CES has taken place once again, and this time the two huge trends were voice integration (not our cup of tea for this column), and virtual reality. However, many CES promises in the latter category lack the substance for actual market impact, while others paint a clearer picture of where this industry is heading. Let's cut through the fluff.
Virtual reality just went social -- and the first offering from a major player is coming to mobile-based VR viewers with immersive VR system support this year.
Sales and public perception of virtual reality headsets have room to grow, with low levels of awareness among U.S. households, and lower-than-expected sales. A study from Parks Associates found that more than half (63%) of U.S. households say they are not familiar with or know nothing about VR.
Virtual reality and augmented reality seem to have a bright future, with AR and VR viewers expected to experience high growth numbers in the coming years. Over the next four years, global shipments of VR headsets will increase by more than six times and the number of AR headset shipments will increase by 150 times, according to new research from IDC. By 2020, VR headset shipments will grow to 61 million units globally, up from just more than 10 million units shipped this year.
Consumers are about to get another marketing does of AR in toys this holiday season. For example, the NeobearMagnifier NEO is a hand-held magnifying glass designed to create AR viewing for children. Hologrid: Monster Battle lets players see monsters created by the animator of "Star Wars" in battle
Oculus, Facebook's virtual reality acquisition, just released its new Oculus Touch peripheral, more closely aligning itself with HTC's Vive from a control standpoint.I've previously lamented the lack of standards and unification in control formats for VR, and while there still is no formal standard, the similarity of the Vive's hand controls and the new Oculus Touch seems to be an informal parity developers can depend on.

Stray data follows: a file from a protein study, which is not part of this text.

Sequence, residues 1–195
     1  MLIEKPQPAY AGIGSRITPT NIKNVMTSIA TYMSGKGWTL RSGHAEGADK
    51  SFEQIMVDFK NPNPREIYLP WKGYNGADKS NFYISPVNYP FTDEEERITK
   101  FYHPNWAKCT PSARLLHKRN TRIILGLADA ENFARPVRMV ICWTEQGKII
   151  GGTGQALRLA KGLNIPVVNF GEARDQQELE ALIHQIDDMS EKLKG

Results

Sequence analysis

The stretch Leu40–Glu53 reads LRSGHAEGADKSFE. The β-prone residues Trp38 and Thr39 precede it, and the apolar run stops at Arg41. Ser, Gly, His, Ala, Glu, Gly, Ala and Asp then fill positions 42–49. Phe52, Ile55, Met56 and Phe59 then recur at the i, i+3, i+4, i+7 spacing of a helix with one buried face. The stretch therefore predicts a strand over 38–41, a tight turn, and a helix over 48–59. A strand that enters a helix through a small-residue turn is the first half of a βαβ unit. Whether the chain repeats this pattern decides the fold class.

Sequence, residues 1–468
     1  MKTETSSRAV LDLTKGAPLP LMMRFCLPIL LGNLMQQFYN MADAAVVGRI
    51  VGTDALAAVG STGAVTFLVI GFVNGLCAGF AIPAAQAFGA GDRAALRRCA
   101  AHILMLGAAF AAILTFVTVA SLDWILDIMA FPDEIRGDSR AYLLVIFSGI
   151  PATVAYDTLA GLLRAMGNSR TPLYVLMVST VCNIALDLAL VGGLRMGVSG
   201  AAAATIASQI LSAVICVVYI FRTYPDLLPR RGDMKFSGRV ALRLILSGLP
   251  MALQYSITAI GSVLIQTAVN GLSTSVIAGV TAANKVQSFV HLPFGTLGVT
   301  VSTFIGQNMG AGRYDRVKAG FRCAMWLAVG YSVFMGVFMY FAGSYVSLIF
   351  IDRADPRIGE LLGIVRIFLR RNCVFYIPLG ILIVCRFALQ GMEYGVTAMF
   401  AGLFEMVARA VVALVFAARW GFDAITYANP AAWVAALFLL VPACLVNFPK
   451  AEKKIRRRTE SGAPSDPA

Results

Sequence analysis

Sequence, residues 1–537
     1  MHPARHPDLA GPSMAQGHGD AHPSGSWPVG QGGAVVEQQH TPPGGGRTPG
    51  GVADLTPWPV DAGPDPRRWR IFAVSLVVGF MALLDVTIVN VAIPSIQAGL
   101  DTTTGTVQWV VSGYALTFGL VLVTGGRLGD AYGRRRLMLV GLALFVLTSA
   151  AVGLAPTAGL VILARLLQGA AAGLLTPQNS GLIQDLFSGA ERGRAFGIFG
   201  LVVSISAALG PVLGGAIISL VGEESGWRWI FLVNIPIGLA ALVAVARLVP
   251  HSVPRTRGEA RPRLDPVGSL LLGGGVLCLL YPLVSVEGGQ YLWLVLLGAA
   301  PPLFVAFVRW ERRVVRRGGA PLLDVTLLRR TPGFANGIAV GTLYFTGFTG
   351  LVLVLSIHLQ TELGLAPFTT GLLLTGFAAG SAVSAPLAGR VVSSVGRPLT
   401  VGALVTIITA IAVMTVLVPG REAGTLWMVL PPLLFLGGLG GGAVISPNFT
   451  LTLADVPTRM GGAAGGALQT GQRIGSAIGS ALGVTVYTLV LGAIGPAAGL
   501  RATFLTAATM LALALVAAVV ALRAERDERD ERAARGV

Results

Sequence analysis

It's hard to talk about the emergence of VR without talking about VR porn. So let's talk.
VR is on the precipice of changing media as we know it. It also stands on the precipice of a format war that makes Betamax vs VHS and Blu-ray vs HD-DVD look like minor skirmishes. In fact, this pending standards conflict is probably the biggest threat to VR's growth and adoption today.
Virtual reality (VR) is unlike any other media in a number of ways. After spending a lot more time with VR myself the past few weeks, I've been reminded of one of the key differentiations: comfort is paramount. It's certainly nice to have decent back support or a plush pillow when reading in bed, to have a great couch when watching Netflix on TV, or to be seated anywhere but the front row when watching a movie in the theatre. But these comforts are somewhat ancillary to a particular medium: nice to have, but we aren't severely impacted by lack ...
There are many factors to consider in trying to predict when an emerging technology might have its iPhone moment, breaking through from an early-adopter niche into a mainstream consumer product. Merely being technically possible is only one piece of the puzzle, and in many ways is the least important. Once something is feasible, the next gating factor is market economics -- can we manufacture or productize it at a price that anyone would pay? But beyond technical and economic feasibility, there's a third factor that's often overlooked: cultural feasibility -- are we collectively "ready" for the technology.